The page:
Baze, who picked up three wins Monday to increase his career total to 11,836, is just six mounts away from riding in his 50,000th Thoroughbred race. He will be the first U.S.-based rider to reach that mark.
Baze is scheduled to ride the first six races on Friday’s Golden Gate Fields card and is on the morning-line favorite in each race.
Laffit Pincay Jr., whose record of 9,530 victories stands second to Baze in North American annals, rode 48,486 races. Eight riders have ridden at least 40,000 races.
Trailing Baze and Pincay are Perry Ouzts at 45,158, Earlie Fires, 45,029; David Gall, 41,775; Jorge Velasquez, 40,852; Bill Shoemaker, 40,350; and Pat Day, 40,299. Mario Pino (39,575) should join the 40,000 Club this year.
Among the 100 winningest North American jockeys, Baze is the leading percentage rider with 24 percent victories.
In addition to his wins, Baze has finished second and third more times than any other rider. His mounts have run second 8,847 times and third 7,263 times.
Baze’s mounts have hit the board 56 percent of the time. Only two other riders, Pat Day and Chris McCarron, have hit the board with half of their mounts.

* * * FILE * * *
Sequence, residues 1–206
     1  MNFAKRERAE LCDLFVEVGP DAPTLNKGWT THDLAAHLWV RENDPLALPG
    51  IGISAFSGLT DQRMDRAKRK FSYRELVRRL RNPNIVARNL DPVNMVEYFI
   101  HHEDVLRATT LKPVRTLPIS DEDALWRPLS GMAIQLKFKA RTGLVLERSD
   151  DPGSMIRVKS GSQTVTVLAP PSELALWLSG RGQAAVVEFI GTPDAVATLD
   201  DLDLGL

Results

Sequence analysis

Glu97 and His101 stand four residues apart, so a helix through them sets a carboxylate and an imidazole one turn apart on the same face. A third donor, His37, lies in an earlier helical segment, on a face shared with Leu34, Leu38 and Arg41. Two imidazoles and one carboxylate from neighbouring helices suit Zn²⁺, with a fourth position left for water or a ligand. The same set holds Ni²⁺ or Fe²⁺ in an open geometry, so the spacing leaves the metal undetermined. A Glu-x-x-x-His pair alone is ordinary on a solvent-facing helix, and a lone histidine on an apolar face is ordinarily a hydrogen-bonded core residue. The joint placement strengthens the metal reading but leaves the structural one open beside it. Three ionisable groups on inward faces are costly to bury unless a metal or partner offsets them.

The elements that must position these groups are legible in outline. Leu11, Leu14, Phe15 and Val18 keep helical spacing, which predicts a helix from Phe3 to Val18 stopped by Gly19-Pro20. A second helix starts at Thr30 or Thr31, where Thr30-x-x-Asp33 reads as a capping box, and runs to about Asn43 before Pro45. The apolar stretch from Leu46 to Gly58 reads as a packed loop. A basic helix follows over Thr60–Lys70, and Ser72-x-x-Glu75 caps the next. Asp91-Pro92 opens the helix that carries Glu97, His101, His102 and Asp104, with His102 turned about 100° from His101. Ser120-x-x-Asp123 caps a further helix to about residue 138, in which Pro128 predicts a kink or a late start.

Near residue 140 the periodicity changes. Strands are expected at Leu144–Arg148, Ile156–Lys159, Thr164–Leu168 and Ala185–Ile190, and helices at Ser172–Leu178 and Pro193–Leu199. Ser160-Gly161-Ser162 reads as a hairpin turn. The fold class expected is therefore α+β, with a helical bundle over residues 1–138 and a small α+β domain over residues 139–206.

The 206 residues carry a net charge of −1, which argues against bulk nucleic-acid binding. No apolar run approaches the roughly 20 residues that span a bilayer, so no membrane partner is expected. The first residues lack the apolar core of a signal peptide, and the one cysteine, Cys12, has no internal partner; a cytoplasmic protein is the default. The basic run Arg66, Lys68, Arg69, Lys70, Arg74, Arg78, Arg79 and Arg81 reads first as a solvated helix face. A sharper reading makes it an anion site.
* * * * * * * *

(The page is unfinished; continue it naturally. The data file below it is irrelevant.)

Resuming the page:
Russell Baze, North America's all-time leading jockey by victories, reached another major milestone Jan. 25 at Golden Gate Fields by becoming the first to ride 50,000 races.
The 54-year-old Baze could manage only a third on 3-2 favorite Finish Rich in Nyc in his 50,000th start, a $12,500 claiming race for older fillies and mares at six furlongs. Baze, who is closing in on 12,000 career victories with 11,839, won the first three races on the Golden Gate card.
"I was thinking I was going to go right through the whole card, but it was not to be," joked racing's all-time blue-collar rider afterward.
Of the milestone, he added, "I don't think it's any big thing just going out there that many times, but going out there and really being successful at it, that's what is important."
Speaking of his conditioning, Baze said, "I'm pretty fit. I've got a lot of miles under me. I don't think my physical skills have diminished any at all. I get the odd ache and pain here and there but it's manageable."
He later added: "I figure in 2016 I'll have 40 years in, and so, that might be enough. But I'll cross that bridge when I get there."
And, he said, he hates being asked about it. "The other day I had to get a part for a door knob and the guy I bought it from says, 'Hey, I know you, are you still riding?' That's always the first thing they ask me."